Structures previously thought to be fossils, or preserved remains of long dead organisms, may actually be minerals, according to a study that may aid the search for extraterrestrial life during future missions to Mars.
The study, published in the journal Proceedings of the Royal Society B, noted that microscopic tubes and filaments resembling the remains of tiny creatures may have been formed by a process called 'chemical gardening' involving iron-rich minerals.
According to study author Sean McMahon from the University of Edinburgh in the UK, earlier research had suggested such structures to be among the oldest fossils on Earth.
"Such microstructures should therefore not be assumed to represent fossil microbes without independent corroborating evidence," he wrote in the study.
The current study may save future Mars missions valuable time and resources in determining possible signs of life on the Red Planet, McMahon said in a statement.
As part of the research, he created tiny mineral formations in the lab closely mimicking the shape and chemical composition of iron-rich structures commonly found in Mars-like rocks on Earth -- where some examples are thought to be around four billion years old.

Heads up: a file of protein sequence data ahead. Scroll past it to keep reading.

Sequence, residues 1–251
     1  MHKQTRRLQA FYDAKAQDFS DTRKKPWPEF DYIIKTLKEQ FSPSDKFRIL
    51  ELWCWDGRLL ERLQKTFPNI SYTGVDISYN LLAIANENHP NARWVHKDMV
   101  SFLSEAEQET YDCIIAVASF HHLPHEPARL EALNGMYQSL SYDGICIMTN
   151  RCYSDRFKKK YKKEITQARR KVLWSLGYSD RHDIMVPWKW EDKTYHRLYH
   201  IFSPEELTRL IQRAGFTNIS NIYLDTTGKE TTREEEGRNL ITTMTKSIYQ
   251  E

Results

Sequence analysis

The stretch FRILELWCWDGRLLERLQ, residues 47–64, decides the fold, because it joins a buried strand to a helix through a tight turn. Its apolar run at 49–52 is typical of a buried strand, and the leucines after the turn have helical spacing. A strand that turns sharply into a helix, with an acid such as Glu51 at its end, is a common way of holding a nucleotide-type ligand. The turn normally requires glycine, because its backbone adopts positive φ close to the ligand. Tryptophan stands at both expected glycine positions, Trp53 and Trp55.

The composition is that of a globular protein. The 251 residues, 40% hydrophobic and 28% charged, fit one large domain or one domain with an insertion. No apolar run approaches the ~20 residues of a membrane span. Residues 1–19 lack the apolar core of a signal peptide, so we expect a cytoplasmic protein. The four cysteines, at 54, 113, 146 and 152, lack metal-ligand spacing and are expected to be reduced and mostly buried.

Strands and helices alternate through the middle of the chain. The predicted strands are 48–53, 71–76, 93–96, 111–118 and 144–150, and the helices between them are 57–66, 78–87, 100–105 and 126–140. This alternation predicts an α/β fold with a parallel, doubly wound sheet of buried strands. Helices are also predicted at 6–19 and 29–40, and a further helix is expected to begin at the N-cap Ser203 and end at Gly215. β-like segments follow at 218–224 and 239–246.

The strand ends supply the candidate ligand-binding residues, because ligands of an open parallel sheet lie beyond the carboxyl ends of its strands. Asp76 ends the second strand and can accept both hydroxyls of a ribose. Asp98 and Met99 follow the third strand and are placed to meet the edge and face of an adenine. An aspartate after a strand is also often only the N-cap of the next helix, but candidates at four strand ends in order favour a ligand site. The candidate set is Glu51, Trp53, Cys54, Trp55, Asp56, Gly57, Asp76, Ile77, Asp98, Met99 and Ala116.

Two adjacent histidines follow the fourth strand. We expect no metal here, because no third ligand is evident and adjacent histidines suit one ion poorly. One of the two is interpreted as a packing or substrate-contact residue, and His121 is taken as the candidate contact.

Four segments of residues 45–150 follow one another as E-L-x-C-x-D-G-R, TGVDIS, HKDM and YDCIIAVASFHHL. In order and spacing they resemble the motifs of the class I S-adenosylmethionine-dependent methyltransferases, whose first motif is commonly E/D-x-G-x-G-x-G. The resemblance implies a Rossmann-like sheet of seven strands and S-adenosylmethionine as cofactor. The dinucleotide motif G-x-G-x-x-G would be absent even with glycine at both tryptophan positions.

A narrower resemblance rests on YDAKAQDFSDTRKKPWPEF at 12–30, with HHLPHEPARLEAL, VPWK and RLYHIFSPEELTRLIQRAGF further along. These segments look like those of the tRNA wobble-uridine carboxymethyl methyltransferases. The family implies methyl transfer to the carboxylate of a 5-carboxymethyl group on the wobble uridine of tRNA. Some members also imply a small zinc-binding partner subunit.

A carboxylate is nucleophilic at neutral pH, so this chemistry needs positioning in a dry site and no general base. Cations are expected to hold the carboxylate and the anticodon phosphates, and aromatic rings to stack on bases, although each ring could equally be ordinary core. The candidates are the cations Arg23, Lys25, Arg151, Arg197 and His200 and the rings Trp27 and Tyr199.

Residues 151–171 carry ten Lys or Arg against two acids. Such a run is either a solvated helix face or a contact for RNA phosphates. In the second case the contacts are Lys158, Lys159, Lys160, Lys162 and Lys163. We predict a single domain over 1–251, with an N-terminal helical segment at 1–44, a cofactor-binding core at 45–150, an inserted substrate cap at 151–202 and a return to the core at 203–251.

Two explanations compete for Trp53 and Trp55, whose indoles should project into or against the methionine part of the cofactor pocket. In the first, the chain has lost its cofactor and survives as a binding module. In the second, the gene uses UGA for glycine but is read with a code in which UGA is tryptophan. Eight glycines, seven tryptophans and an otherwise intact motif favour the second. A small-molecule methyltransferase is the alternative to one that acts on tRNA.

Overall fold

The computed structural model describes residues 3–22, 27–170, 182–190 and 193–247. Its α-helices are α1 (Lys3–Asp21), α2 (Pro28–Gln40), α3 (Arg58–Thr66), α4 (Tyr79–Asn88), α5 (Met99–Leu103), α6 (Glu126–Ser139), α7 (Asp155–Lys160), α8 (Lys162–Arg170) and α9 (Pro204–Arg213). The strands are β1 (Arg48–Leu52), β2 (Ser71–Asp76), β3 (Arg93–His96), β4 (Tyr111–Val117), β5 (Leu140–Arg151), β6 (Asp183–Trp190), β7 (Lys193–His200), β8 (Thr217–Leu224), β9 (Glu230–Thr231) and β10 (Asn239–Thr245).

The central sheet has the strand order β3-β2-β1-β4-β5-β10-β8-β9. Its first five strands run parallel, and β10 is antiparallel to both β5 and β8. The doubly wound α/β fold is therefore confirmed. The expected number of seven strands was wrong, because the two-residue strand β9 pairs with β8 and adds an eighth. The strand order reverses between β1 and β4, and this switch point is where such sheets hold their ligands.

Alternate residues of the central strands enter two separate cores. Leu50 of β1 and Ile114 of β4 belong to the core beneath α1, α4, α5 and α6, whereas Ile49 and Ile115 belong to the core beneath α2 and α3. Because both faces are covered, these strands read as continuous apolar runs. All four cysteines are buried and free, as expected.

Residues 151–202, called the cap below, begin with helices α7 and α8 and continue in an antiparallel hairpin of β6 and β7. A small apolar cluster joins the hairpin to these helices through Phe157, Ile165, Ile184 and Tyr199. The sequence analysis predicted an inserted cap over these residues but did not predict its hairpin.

McMahon created the structures by mixing iron-rich particles with alkaline liquids containing the chemicals silicate or carbonate.
He said the process -- known as chemical gardening -- occurred naturally where the chemicals abound.
"Chemical reactions like these have been studied for hundreds of years but they had not previously been shown to mimic these tiny iron-rich structures inside rocks. These results call for a re-examination of many ancient real-world examples to see if they are more likely to be fossils or non-biological mineral deposits," said McMahon.
According to the study, these structures can occur in thermal vents on the seabed, and when deep groundwater circulates through pores and fractures in rocks.
The findings suggest that structure alone is not sufficient to confirm whether or not microscopic life-like formations are fossils.
"Here, I show experimentally that abiotic chemical gardening can mimic such purported fossils in both morphology and composition. In particular, chemical gardens meet morphological criteria previously proposed to establish biogenicity, while also producing the precursors to the iron minerals most commonly constitutive of filaments in the rock record," McMahon wrote in the study.
When such formations are found, whether on the Earth or on Mars, McMahon said, more research will be needed to say exactly how they were formed.
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